While preparing to launch Christ City Church, a Mennonite Brethren church plant in south Vancouver, pastor Brett Landry received an offer he believes could only have come from the mind of God. He was told South Hill Church, a long-established MB church in the area, had voted to disband and give them their building.
“That building used to be Vancouver MB, the first Mennonite Brethren church in the city,” says Landry, a native of Red Deer, Alberta.
“It’s got a church planting history. They were not a dead church. They just felt like this is what God wanted them to do.”
Christ City will throw a ‘Welcome to the Neighbourhood BBQ’ September 8, and then launch their new church September 22.
“You can’t strategically plan this kind of stuff,” he adds, “The glory of God is on this, and it just smells of kingdom advancement.” And it is only one example among many.
Westside at The Centre
At about the same time, Christ City’s parent church, Westside Church in downtown Vancouver, closed a deal to purchase The Centre in Vancouver for the Performing Arts, an 1,800-seat theatre built in 1995. Westside took over The Centre August 8 and will hold its first service there September 29.
St. Peter’s at Robson Square
“I’m thrilled about Westside moving downtown. I think the world of that church,” says Victoria-born church planter Alastair Sterne. He leads a team that is planning to launch St. Peter’s Fireside, an evangelical Anglican church at UBC Robson Square in the downtown, also this fall.
St. Peter’s is partnered with St. John’s Vancouver, formerly St. John’s Shaughnessy, and the Anglican Network in Canada. ‘Preview’ services in May and August drew several hundred people; a third such service will be held September 15, leading up to a November 3 launch. “I don’t know where a lot of them came from,” Sterne says.
Sterne believes part of the reason is that St. Peter’s emphasizes Anglican heritage and tradition, such as the liturgy. Among some Vancouverites, at least, he senses “a hunger to be rooted in something more enduring than whatever was the fad for the past five years.”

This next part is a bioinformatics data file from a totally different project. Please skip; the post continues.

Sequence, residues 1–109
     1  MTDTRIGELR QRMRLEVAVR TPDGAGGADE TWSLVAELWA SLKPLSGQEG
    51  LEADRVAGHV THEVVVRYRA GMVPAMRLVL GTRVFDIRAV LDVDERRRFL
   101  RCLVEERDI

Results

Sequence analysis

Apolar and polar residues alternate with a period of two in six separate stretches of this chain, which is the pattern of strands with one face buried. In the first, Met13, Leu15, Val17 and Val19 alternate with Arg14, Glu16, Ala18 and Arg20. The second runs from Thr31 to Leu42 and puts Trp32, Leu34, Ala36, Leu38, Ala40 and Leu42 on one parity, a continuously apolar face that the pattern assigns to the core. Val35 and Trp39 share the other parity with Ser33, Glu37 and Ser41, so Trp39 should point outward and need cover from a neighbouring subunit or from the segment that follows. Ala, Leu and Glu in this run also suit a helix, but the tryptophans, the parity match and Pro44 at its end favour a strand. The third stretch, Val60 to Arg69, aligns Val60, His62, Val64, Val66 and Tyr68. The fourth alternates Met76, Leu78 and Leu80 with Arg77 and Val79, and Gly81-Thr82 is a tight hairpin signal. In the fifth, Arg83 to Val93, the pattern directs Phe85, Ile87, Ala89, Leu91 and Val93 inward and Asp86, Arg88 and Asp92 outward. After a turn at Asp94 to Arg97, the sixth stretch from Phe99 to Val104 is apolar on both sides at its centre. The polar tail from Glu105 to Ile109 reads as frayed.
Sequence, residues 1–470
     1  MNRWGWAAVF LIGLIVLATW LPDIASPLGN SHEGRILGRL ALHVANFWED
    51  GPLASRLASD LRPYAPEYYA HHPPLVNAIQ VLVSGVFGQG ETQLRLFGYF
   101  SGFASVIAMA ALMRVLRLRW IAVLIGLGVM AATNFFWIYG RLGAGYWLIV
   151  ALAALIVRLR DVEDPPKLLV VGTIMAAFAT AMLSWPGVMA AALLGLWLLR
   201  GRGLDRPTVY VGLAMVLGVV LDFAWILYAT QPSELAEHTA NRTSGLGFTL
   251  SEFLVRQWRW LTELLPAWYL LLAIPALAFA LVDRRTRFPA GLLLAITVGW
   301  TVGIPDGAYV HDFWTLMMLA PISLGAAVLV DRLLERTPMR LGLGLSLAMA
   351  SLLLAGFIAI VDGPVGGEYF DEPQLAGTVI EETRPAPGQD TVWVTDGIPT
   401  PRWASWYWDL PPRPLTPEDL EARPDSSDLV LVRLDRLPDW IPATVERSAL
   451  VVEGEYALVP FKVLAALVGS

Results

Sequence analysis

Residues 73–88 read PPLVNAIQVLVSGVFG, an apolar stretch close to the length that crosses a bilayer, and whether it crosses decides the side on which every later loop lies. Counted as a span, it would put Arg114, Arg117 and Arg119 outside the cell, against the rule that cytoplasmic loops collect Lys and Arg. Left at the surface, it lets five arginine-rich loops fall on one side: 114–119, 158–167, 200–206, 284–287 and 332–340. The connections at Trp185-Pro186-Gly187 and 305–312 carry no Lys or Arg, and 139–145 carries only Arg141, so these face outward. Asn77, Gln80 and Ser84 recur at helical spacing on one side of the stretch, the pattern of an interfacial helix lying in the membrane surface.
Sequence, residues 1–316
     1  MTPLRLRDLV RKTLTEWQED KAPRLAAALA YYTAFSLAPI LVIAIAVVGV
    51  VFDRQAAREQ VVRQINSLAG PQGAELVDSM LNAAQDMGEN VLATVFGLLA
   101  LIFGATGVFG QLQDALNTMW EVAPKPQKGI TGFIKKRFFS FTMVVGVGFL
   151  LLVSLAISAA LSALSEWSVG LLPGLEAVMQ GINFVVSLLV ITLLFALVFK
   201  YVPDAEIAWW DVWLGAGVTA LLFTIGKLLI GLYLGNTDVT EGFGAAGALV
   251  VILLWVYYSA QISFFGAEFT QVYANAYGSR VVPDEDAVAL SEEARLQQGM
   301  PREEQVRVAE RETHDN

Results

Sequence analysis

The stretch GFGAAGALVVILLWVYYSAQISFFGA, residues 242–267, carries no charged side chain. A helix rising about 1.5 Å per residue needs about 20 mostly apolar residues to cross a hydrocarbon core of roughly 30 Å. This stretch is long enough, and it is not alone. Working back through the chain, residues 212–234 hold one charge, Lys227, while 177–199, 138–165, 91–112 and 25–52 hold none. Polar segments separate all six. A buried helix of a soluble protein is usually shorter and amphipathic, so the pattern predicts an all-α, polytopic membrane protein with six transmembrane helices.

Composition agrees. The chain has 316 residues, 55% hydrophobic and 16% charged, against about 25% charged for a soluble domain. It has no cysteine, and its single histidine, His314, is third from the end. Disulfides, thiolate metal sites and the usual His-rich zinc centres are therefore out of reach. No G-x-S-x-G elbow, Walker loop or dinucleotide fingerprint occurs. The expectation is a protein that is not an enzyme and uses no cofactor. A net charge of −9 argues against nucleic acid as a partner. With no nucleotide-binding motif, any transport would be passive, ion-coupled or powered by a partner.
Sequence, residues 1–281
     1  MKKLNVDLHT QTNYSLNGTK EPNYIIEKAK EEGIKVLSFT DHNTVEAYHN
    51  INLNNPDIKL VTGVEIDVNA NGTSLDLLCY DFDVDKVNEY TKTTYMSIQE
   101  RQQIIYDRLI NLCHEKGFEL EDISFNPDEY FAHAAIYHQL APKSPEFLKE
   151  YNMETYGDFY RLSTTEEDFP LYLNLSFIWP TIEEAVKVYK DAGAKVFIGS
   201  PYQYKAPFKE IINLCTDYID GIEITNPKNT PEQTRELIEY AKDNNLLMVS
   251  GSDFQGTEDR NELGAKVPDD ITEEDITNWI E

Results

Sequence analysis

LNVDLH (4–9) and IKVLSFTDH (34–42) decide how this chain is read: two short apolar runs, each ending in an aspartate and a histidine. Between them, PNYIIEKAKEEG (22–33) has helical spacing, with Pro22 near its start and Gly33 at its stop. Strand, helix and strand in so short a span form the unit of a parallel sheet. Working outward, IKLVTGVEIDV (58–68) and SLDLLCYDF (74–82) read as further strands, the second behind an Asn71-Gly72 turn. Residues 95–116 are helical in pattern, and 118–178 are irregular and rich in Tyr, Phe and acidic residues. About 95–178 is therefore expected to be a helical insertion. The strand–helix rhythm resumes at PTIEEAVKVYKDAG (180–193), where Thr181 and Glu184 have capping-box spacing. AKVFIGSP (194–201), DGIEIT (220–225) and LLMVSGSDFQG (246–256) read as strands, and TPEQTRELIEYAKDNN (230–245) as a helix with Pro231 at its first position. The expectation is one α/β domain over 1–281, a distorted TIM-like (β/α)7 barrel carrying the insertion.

Meta Communities in the West End
On the other hand, Dennis Wilkinson – who launched a house church called Meta Communities in January 2012 – has found the best way to even begin telling his West End neighbours about Jesus has been to put relationship-building ahead of Sunday services.
“It’s total freedom down here. You can be whoever you think you are,” says Wilkinson, who grew up in Winnipeg.
“But God’s given us incredible favour. My wife threw a birthday party for me in May, and 150 people came out. Ten of them were Christians.”
Meta Communities is jointly supported by the C2C church planting network, and Wilkinson’s former Baptist church in Minnesota.
The Crossings in Coal Harbour
For Jeff Phillips, it was “a tough adjustment” shifting from being on staff at a Baptist mega-church in Nashville, Tennessee, to begin planting The Crossings Church in Coal Harbour in early 2010. His church is partnered with the Canadian National Baptist Convention.
“It’s boggling my mind,” he says, “to know there are people in North America, in an affluent city, with lots of ability to get to resources, that have never heard the gospel, never even given a thought to God, Jesus, the Bible, the church or anything – it’s never even come up.”
But what may seem difficult if not impossible from a human perspective is very possible with God.
Vancouver West in Yaletown
While pastoring a United Pentecostal church in Quesnel in north-central BC, Anthony Ens was asked by a member to perform her son’s wedding in Vancouver. The night before the ceremony, Ens felt impressed to preach the gospel, which he did.
Following the service, he says, “for eight hours, there was a continuous stream of these very educated, very wealthy, influential people” wanting to talk to him about what they had just heard. “There was a hunger in these people.”
Two years later, having resigned the church in Quesnel, Ens says his denomination asked him to consider planting a church in Vancouver.
“I felt God saying, ‘It might be a difficult area, but remember that testimony I gave you,'” he says. “‘Those are the people that supposedly can’t be touched by the gospel. In one day, I brought you over 200 of them.'”
On Easter Sunday, Ens launched Vancouver West Church in Yaletown.
Trinity Central in Waterfront district
South African-born Rhys Scott pastors Trinity Central Church in Vancouver’s Waterfront district. It is an affiliate of Newfrontiers, a global church planting movement based in the United Kingdom. Scott sees this heightened activity as a form of iron sharpening iron.
“Hopefully there’s an increasing evangelistic sharpness that comes with church planting,” he says. “I’m not saying that isn’t the case for the established churches. But with church plants it’s a do-or-die kind of thing.”
“There just seems to be a flood of people that are feeling God’s call to the city and trying to make a difference,” says Wilkinson. “Philosophies and strategies and models are different, but there doesn’t seem to be any animosity about that, which I love. God is using all of these things for his kingdom.”
“A 100,000-soul revival in Vancouver is not beyond the realm of possibility,” says Ens.
This article was first printed in ChristianWeek.